D-series resolvin synthesis starts off by 15-LOX-mediated conversion of DHA into 17(S)-hydroperoxy DHA (17(S)-HpDHA). From this, the fate of 17(S)-HpDHA depends on 5-LOX action and on which carbon is hydroxylated by its catalytic action. In fact, it can be converted either into 7(S)-hydroperoxy-17(S)-HDHA to generate RvD1, RvD2, and RvD5 or into 4(S)-hydroperoxy- 17(S)HDHA to generate RvD3, RvD4, and RvD6. Alternatively, 17(S)-HpDHA can be converted to a 16,17-epoxydocosatriene intermediate that in turn is converted to protectin D1 (or neuroprotectin D1 when produced in brain tissues) and PDX. Similarly to E-series resolvins, aspirin-acetylated COX-2 can use the D-resolvin precursor, DHA, to generate 17(R)-HpDHA, which is then transformed to epimeric AT-D-resolvins or AT-protectins in a 5-LOX-dependent manner (Serhan, 2014; Serhan et al., 2015). The last family of SPMs belonging to DHA-derived SPMs was discovered in macrophages, therefore named maresins. The biosynthesis of maresins (MaR1 and MaR2) is operated by 12-LOX in humans and by 12/15LOX in mice from 14(S)-HDHA intermediate, which is recognized as marker of maresins (Serhan et al., 2009; Deng et al., 2014).

The bioaction of these 3 classes of DHA-derived SPMs are shared in common with those of the other SPMs because they reduce leukocyte infiltration, induce pathogen killing, promote the clearance of debris and dead cells by the process of efferocytosis and reduce production of pro-inflammatory mediators and enhance that of anti-inflammatory ones. These biological activities are mediated by several receptors with different affinities to different SPMs of this class. For instance, several D-series resolvins (i.e., RvD1, RvD3, and RvD5) bind to two different GPCRs, FPR2/ALX and GPR32/DRV1, whereas RvD2 engages GPR18/DRV2 receptor (Chiang and Serhan, 2017). In the last couple of years, the molecular targets for PD1 and MaR1 have also been uncovered and these two SPMs, respectively, bind to surface receptors GPR37 (Bang et al., 2018) and LgR6 (Chiang et al., 2019), although the latter SPM can also engage with the nuclear receptor RORα (Han et al., 2019).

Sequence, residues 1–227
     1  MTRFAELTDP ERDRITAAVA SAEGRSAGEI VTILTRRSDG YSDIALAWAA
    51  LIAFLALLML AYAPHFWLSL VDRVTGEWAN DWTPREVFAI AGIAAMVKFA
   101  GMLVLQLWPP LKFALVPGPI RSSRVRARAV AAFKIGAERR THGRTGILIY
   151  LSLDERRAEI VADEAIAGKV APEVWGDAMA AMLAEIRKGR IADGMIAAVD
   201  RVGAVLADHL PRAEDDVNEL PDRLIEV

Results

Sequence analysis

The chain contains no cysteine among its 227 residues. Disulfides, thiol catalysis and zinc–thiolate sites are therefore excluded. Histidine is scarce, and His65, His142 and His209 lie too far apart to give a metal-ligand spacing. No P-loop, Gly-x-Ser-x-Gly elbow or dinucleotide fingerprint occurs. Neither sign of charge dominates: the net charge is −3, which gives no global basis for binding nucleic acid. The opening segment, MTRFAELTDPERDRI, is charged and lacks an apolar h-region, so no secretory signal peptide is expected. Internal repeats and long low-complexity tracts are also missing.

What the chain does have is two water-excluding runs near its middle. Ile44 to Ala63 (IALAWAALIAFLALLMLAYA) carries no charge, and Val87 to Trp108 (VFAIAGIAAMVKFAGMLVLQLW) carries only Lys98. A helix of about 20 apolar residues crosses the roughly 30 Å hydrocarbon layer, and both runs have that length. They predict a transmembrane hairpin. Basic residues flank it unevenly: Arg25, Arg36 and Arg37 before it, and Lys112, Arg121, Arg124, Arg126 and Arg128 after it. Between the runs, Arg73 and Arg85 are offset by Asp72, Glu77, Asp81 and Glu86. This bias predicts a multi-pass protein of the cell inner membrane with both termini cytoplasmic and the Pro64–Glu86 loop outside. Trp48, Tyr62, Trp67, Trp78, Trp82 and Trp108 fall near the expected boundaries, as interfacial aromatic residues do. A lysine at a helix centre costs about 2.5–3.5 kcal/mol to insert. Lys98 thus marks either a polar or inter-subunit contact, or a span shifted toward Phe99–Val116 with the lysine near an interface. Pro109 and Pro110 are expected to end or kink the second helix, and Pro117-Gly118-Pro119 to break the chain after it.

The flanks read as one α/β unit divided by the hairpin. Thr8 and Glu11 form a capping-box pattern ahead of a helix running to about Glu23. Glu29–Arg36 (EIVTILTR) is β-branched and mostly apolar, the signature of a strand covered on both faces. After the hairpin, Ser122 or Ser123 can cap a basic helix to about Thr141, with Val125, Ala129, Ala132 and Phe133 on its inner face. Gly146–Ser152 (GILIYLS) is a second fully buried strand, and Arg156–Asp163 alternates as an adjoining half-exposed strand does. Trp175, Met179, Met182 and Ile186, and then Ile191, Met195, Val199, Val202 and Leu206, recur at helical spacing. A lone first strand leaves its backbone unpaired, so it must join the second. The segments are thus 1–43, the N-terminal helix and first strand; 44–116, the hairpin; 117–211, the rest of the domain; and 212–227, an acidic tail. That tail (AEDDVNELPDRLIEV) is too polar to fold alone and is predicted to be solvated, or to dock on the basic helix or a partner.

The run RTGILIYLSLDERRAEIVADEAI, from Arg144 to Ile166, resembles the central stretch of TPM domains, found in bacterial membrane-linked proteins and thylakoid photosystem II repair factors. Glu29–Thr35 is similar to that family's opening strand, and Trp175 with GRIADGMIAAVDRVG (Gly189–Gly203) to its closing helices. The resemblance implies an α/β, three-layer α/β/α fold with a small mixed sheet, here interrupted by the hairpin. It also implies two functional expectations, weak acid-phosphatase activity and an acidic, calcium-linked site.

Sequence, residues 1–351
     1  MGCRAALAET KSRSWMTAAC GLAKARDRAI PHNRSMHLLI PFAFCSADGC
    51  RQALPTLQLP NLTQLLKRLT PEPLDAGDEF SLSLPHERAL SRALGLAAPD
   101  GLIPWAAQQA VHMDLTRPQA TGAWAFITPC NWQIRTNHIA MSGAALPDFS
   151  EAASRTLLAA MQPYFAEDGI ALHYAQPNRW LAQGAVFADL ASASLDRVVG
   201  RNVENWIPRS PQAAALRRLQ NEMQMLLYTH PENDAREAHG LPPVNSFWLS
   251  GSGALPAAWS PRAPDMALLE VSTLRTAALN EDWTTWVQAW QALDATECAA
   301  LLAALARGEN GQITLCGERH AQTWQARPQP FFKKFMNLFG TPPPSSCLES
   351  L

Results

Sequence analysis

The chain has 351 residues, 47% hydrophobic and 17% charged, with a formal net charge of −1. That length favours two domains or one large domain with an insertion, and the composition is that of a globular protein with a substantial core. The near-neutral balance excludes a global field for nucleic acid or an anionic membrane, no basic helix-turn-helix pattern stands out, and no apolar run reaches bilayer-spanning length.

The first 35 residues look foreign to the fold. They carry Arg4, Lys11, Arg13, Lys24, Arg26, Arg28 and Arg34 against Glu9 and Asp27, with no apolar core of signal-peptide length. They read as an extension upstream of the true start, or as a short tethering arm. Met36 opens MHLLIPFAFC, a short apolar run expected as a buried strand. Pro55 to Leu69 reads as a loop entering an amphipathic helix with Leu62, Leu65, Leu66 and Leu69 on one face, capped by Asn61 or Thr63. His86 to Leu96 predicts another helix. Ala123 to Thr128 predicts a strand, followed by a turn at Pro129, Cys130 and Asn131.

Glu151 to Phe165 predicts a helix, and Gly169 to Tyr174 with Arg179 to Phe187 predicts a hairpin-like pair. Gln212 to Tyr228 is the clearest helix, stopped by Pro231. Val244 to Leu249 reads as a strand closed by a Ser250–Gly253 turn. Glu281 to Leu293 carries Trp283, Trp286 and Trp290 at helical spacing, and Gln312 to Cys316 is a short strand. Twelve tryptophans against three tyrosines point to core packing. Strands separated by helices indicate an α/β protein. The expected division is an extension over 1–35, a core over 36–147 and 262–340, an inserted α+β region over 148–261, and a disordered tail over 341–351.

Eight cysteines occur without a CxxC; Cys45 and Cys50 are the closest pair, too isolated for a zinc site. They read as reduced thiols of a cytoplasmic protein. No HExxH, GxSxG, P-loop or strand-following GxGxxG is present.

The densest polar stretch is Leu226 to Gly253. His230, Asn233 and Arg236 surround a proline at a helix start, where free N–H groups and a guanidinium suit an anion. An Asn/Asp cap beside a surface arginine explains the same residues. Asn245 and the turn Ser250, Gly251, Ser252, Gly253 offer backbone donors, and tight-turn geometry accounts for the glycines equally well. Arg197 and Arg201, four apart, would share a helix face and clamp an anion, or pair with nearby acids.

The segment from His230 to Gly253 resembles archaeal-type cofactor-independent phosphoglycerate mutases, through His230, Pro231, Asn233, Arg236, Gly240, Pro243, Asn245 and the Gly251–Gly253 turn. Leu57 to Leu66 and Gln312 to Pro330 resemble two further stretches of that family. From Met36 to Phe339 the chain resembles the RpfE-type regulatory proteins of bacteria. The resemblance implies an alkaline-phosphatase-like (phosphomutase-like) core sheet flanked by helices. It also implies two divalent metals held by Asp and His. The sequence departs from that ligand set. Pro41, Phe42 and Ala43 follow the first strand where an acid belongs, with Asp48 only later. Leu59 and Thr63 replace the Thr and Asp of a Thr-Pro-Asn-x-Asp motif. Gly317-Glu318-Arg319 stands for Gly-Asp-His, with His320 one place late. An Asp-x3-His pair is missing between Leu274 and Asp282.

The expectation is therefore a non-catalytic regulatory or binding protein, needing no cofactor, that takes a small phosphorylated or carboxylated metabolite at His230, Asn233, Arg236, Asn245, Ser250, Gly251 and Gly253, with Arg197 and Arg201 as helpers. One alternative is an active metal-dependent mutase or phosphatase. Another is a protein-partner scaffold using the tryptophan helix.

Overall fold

Interestingly, starting from 2014 it was discovered that all these 3 families of DHA-derived SPMs can be biochemically conjugated to glutathione and give rise to a series of novel mediators coined “conjugates in tissue regeneration” and that include mares in conjugates in tissue regeneration (MCTRs), protectin conjugates in tissue regeneration (PCTRs), and resolvin conjugates in tissue regeneration (RCTRs) (Dalli et al., 2016; Serhan et al., 2018). As suggested by their name, their physiological function is to orchestrate host responses and promote tissue regeneration and resolution of infections and has been demonstrated in different model organisms (Serhan et al., 2018).

Spms and Glial Cells

Since the discovery of the different families of SPMs, their role was mostly investigated in peripheral tissues mainly because, to date, their production is carried out by innate immune cells (i.e., granulocytes and macrophages) or vascular endothelial cells. However, in the last decade, on the verge of the revisitation of the concept of the CNS immune privilege and the realization that a network of infiltrated immune cells operates within the brain in a tightly regulated sequence of inflammation/resolution processes, several groups started to investigate whether SPMs are also capable of modulating neuroimmune functions by targeting either neurons or glial cells. Furthermore, recent evidence show that altered SPM metabolism and function is associated to several neuroinflammatory and neurodegenerative diseases, such as Alzheimer’s disease, Parkinson’s disease, and multiple sclerosis (Chiurchiù et al., 2018; Chamani et al., 2020; Zahoor and Giri, 2020).